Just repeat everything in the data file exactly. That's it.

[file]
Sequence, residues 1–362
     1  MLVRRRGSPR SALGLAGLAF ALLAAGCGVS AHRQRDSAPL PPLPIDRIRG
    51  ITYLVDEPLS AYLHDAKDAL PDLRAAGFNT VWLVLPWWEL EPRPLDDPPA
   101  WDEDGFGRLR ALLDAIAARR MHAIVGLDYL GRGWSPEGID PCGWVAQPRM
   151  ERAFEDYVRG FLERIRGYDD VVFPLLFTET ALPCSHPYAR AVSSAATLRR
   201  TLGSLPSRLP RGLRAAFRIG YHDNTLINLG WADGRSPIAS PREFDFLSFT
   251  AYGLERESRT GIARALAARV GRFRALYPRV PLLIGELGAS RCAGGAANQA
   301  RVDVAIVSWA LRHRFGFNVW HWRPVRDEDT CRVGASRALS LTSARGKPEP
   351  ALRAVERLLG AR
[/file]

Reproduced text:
Sequence, residues 1–362
     1  MLVRRRGSPR SALGLAGLAF ALLAAGCGVS AHRQRDSAPL PPLPIDRIRG
    51  ITYLVDEPLS AYLHDAKDAL PDLRAAGFNT VWLVLPWWEL EPRPLDDPPA
   101  WDEDGFGRLR ALLDAIAARR MHAIVGLDYL GRGWSPEGID PCGWVAQPRM
   151  ERAFEDYVRG FLERIRGYDD VVFPLLFTET ALPCSHPYAR AVSSAATLRR
   201  TLGSLPSRLP RGLRAAFRIG YHDNTLINLG WADGRSPIAS PREFDFLSFT
   251  AYGLERESRT GIARALAARV GRFRALYPRV PLLIGELGAS RCAGGAANQA
   301  RVDVAIVSWA LRHRFGFNVW HWRPVRDEDT CRVGASRALS LTSARGKPEP
   351  ALRAVERLLG AR